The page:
If you still have lettuces that haven’t been picked, get out there soon before they bolt! To get the best from your lettuce, water your plants the evening before you plan to pick it. Then pick lettuces first thing the next morning before it gets too hot. After I wash it and spin out the water, I put lettuce in a ziplock baggie with a wet piece of paper towel folded (squeeze out excess moisture). Lettuce should last a good amount of time when doing this in the refrigerator.

There are other lettuces we can grow here in the shade in the summer. I will write a post soon about growing these warm season lettuces for the summer that are heat resistant and don’t bolt. They are called Batavian or Crisp lettuces. More on that later.

 

Plants suffer in 21°F weather/changes for the better by Friday April 17

Well, almost all my tulips bite the dust with the cold weather but these pictured above lifted up their heads and survived. At least I got about two weeks of glorious color to brighten my days before this latest cold snap and they will come back every year.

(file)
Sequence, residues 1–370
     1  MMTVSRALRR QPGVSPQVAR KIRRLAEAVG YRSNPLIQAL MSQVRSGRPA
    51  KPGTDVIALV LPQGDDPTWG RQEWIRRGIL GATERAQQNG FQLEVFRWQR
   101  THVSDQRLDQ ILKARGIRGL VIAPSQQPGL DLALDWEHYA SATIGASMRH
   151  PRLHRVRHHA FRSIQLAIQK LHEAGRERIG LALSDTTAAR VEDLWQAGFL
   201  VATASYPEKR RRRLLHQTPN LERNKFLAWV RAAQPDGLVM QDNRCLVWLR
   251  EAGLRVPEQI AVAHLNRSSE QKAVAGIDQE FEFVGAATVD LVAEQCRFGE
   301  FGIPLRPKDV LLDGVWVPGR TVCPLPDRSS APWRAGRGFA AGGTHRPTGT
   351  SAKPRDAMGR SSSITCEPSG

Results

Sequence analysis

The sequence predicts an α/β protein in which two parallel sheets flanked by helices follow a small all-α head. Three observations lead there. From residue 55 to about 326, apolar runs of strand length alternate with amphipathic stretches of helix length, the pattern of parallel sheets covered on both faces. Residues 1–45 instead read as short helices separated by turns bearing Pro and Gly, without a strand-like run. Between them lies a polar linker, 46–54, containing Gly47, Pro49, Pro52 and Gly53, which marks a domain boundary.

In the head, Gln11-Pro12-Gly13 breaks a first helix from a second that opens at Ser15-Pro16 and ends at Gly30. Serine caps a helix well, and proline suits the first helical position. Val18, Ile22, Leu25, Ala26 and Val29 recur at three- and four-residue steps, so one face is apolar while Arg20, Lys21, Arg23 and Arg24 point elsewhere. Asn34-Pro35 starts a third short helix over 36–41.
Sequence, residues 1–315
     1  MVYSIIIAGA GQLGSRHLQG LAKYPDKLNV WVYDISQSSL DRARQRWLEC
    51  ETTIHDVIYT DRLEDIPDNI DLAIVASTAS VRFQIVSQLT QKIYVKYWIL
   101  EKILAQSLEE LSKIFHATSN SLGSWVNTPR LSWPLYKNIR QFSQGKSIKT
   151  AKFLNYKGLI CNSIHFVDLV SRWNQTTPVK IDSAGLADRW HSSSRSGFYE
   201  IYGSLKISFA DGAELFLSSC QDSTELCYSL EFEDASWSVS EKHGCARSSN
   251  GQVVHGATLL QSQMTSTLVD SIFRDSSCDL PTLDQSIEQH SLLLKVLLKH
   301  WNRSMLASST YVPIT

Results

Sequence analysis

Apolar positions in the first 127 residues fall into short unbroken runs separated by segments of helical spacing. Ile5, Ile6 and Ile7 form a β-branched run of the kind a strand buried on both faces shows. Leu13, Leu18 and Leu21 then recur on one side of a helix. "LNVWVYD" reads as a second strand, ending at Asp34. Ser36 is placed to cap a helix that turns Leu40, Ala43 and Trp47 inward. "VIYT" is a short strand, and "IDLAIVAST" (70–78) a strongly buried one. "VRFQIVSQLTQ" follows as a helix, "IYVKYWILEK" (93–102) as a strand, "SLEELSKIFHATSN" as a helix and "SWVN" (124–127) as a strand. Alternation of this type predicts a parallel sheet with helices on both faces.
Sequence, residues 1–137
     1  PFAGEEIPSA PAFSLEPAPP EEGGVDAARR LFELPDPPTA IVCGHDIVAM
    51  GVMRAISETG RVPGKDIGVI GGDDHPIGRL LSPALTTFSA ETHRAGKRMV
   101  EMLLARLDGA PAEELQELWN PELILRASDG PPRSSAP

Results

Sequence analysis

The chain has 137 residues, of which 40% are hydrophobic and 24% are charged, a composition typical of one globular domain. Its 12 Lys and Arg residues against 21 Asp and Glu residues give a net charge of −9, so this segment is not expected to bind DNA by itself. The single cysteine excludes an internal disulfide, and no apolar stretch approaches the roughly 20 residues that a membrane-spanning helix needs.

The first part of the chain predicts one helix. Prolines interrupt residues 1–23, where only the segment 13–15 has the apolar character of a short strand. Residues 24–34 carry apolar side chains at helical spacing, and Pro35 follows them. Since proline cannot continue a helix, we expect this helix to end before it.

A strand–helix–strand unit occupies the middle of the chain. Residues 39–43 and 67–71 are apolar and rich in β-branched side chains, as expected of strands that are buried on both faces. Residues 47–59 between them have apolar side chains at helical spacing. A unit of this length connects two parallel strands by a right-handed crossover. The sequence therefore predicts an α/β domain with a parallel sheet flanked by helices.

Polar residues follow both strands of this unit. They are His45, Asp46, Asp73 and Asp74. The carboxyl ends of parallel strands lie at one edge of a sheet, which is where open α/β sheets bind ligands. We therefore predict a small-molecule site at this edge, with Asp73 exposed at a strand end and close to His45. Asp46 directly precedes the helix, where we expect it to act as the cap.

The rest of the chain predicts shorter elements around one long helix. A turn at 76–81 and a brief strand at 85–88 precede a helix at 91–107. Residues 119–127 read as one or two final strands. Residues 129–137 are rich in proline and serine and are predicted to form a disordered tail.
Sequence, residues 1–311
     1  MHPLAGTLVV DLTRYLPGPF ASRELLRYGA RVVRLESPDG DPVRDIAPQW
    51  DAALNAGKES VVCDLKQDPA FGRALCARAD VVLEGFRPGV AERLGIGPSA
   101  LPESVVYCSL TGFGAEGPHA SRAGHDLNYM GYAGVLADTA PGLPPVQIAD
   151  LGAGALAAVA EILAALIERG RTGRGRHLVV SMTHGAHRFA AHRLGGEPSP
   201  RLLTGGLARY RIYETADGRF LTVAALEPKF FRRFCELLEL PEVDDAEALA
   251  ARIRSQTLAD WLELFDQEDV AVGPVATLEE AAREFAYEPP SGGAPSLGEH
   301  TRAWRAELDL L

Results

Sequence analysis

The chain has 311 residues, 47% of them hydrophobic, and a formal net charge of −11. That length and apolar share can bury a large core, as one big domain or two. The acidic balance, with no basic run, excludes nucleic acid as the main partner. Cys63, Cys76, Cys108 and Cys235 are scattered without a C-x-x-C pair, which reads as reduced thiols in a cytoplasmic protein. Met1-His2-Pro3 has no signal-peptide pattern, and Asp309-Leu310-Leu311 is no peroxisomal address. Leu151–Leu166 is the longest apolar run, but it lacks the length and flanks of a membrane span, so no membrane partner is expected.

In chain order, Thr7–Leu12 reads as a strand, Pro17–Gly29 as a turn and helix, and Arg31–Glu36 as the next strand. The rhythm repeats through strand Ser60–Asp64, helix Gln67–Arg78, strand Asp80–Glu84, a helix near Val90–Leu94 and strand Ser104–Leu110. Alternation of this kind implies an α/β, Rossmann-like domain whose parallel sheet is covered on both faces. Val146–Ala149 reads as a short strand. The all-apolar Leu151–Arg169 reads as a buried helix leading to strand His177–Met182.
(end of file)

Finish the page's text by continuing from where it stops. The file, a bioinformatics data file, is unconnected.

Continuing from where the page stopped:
Looks like the weather will get above freezing from Friday nite April 17th when it is suppose to be 38°F to Saturday April 25th. But this is not carved in stone. As the saying goes here, if you don’t like the weather, wait 10 minutes.

Everybody needs to become a weather bug to see what is happening as the weather can change day by day and sometimes even hour by hour. I call this the ‘shoulder season’ where one day it is warm and sunny and the next day/nite cold and freezing and always windy here in spring. These are our springs-ever changing but of course then June will come and we will get too hot! It is way to soon to plant any warm season crops yet. To be safe, wait till May 15 and later.  Last year we got snow on May 27 and the year before I was able to put out my tomato plants on May 7 in Wall of Waters. If the late spring weather really warms up or if you are a gambler, you may be able to plant warm season crops earlier but not without some protection. Otherwise you may be replanting…